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John Henry Hobart Ward (June 17, 1823 – July 24, 1903) was an American soldier who fought in the Mexican–American War and in the American Civil War. Ward joined the army in 1842 and fought in multiple battles in the Mexican–American war, including the Battle of Monterrey, where he was wounded. After leaving the army, he served successively as the assistant commissary general and commissary general for the state of New York. With the outbreak of the American Civil War in 1861, Ward rejoined the army, and became the colonel of the 38th New York Infantry Regiment. Ward and his regiment were engaged in the First Battle of Bull Run and in several battles in the Peninsula campaign. He was promoted to command a brigade after the Battle of Chantilly in September 1862.

Ward then led his brigade at the battles of Fredericksburg, Chancellorsville, and Gettysburg. By early 1864, he had developed a strong reputation as a military leader, although there had been an incident when he panicked and fled the field during a night attack at Chancellorsville. On May 6, 1864, during the Battle of the Wilderness, Ward left his command and was observed riding to the rear on an artillery caisson. Six days later, during the Battle of Spotsylvania Court House, Ward was found to be intoxicated by two superior officers. He was removed from command that day, and was arrested on June 12, although he was given an honorable discharge in July and was not sent to a trial. After his removal from military service, Ward served as a clerk in the New York court system, and was struck and killed by a train while vacationing in 1903.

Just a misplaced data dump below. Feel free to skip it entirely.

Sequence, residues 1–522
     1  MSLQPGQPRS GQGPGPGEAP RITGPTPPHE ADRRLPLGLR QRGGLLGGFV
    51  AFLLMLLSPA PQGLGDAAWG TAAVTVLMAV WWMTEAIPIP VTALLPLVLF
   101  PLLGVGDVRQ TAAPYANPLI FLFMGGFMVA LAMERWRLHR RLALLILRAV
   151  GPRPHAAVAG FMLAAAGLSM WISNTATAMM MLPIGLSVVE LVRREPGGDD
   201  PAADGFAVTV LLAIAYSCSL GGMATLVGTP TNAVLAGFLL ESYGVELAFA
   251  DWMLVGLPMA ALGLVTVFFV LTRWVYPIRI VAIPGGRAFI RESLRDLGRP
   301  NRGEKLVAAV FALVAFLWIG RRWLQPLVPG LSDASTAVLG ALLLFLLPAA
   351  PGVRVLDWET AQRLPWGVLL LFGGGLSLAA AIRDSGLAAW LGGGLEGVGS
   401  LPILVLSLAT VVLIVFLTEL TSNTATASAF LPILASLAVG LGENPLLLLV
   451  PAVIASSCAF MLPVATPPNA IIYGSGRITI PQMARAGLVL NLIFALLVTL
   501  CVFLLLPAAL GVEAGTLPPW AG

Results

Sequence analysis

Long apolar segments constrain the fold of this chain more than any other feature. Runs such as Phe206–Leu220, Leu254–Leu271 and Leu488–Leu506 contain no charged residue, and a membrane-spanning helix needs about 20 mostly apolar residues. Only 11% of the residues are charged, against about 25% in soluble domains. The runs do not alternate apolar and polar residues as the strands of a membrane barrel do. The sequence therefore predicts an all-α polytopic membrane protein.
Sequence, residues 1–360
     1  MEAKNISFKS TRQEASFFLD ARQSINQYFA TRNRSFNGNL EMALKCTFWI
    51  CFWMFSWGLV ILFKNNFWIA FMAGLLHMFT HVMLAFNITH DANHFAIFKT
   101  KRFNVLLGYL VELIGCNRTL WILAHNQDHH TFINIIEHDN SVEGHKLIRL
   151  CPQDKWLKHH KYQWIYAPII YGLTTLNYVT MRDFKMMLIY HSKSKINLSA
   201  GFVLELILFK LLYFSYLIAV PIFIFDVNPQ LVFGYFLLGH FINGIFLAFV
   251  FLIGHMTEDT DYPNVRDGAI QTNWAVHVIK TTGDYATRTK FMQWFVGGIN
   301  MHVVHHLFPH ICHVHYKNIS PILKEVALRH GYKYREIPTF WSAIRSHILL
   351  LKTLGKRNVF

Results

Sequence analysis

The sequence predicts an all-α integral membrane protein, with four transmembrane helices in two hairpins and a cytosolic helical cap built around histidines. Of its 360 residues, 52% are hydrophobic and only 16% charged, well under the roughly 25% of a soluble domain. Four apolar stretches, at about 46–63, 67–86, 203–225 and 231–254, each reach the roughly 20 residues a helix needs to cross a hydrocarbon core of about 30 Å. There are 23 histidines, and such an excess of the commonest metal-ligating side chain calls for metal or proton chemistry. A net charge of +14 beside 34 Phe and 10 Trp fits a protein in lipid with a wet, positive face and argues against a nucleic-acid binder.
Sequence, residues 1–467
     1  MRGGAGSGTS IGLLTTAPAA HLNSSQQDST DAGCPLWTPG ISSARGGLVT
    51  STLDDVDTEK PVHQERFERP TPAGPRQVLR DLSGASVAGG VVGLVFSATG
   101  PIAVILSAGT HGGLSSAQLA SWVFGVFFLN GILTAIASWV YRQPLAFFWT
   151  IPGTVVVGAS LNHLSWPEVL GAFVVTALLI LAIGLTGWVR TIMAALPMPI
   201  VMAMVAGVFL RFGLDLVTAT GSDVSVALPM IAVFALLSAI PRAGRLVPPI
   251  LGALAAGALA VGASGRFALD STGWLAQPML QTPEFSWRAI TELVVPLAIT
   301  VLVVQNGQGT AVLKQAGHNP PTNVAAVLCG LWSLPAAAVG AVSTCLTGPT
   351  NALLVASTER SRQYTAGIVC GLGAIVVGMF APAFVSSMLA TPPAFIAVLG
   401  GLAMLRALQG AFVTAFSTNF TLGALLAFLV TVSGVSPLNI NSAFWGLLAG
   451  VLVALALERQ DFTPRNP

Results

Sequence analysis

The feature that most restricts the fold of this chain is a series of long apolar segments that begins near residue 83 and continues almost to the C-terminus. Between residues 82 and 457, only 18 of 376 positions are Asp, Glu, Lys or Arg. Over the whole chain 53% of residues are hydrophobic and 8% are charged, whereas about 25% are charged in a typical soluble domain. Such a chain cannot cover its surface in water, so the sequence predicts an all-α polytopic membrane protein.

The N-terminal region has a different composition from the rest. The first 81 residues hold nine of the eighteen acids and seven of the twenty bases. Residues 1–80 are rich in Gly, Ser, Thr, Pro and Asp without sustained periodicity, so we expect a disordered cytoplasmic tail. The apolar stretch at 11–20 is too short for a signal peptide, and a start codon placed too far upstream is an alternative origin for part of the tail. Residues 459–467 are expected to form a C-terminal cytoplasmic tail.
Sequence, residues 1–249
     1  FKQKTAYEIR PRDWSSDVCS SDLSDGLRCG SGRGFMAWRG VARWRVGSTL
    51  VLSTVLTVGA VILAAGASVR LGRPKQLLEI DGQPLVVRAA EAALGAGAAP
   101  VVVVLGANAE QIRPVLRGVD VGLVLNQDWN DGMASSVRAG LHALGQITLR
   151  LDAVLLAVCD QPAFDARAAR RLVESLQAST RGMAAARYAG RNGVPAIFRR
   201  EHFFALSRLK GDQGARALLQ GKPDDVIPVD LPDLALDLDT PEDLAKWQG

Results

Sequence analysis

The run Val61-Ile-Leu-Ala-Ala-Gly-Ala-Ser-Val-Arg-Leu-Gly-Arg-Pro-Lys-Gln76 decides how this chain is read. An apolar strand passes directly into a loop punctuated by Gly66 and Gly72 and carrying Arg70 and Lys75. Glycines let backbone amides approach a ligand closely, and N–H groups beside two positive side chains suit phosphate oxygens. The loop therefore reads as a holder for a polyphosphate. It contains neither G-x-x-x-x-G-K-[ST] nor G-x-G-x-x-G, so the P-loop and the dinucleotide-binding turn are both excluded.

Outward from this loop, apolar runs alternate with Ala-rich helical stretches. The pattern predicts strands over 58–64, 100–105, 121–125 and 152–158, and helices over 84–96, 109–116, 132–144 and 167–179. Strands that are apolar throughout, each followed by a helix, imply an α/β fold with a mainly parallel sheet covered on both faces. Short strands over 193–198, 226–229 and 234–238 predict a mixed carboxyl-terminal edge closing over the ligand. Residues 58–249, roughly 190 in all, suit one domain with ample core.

CDV albumen of J H Hobart Ward Gettysburg

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